There are a few problems that arise after the transplant process which may be complicated in many patients and require them to be in contact with the health system for a prolonged period—which may vary from few months to few years. Some patients may develop complications that may require them to be admitted multiple times to the hospital. The next scenario describes a person who develops problems after the transplant process is completed. Even in patients who successfully complete the process, there is a need to rehabilitate them and get them back to their earlier lifestyle.
A 40-year-old man successfully completed 1 year of his allotransplant which was done for relapsed leukemia. But now he is suffering from GVHD. He wants to get back to his work but he cannot due to his mental block. How can the team help in the rehabilitation of transplant survivors?
Generally, the concentration of care is on patients awaiting and undergoing HSCT. But those who successfully completed HSCT are also equally important. Currently, we don't have a program to assess the needs of a transplant survivor. The discussion ended up suggesting a new team for the rehabilitation of HSCT survivors.
Suggestions from the panel
- The survivor has to be carefully examined for all possible physical, psychological, emotional, and social issues by the healthcare team during follow-up visits and these need to be addressed.
- Rehabilitating a survivor involves an integrated approach involving the healthcare team, NGOs, and policymakers.
- Forming survivor networks and peer support groups can help in handling many of these issues.
Even after successfully undergoing a transplant, a patient may face psychological issues during his survivorship. Continuation of care and support during this period is very important. The issues which potentially affect this period were identified by the discussants and are detailed in [Table 4] with possible solutions.
|Table 4: Survivorship issues in patients who have successfully completed transplantation|
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| » Conclusion|| |
We have attempted to discuss challenges in counseling patients undergoing HSCT [Table 5]. These problems differ in each country based on the sociocultural and economic situations and level of awareness of the patients and their families. There is a gamut of concerns on a patient's mind that need to be allayed—that is, the need, benefits, and risks of the procedure, the myths and stigma associated with transplant, the physical and mental changes that occur, and the psychosocial impact on the family. Importantly, the patient's family and donors should be involved in the process and the monetary burden, both immediate and future, should be discussed with patient and family with an awareness of the latest available government and nongovernment schemes. Late toxicities and survivorship support should be extended to the patient.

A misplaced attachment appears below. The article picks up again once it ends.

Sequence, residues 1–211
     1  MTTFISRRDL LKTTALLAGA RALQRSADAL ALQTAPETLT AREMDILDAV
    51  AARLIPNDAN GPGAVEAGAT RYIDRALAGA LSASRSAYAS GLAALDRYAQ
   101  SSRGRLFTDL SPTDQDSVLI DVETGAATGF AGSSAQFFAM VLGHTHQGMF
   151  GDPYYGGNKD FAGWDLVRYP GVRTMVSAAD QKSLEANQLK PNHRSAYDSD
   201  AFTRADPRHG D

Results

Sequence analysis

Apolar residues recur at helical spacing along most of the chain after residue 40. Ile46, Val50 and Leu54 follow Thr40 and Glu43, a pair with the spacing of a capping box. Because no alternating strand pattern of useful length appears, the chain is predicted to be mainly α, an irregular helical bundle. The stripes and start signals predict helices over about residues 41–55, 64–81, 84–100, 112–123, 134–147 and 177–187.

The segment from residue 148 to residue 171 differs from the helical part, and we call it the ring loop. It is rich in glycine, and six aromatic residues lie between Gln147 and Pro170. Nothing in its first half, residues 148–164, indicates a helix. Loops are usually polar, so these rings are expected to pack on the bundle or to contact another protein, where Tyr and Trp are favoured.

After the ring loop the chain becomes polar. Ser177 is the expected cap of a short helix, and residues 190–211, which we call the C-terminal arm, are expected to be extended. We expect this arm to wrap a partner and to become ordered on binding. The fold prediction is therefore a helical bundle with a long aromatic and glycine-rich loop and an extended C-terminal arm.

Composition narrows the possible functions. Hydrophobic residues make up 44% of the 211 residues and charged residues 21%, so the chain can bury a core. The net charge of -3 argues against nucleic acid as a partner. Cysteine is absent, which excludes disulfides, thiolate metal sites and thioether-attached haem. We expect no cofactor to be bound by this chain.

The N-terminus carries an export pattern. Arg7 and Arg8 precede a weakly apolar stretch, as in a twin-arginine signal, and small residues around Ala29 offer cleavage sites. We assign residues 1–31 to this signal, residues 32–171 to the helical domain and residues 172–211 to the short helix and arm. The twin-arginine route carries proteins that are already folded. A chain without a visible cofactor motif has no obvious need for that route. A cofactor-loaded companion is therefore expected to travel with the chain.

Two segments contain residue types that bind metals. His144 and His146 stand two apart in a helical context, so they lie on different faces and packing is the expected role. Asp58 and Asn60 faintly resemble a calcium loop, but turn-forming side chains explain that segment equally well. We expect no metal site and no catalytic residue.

|Table 5: Summary of the psychosocial issues to be addressed while counseling a patient of planned for hematopoietic stem cell transplantation|
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Hence, psychosocial support and assurance through counseling and cognitive psychotherapy should be an integral part of the entire transplantation process—starting in the pretransplant period, continuing into the peri-transplant time, and finally extending into the long-term survivorship period. Since the challenges faced by the patients traverse multiple dimensions, only a comprehensive team involving, physicians, nurses, psychologists, or psycho-oncologists and social workers can do justice to the process of counseling. Every transplant unit should strive to put in place such a team that can provide counseling support which is tailored for individuals and their families.
Financial support and sponsorship
Conflicts of interest
There are no conflicts of interest.
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[Table 1], [Table 2], [Table 3], [Table 4], [Table 5]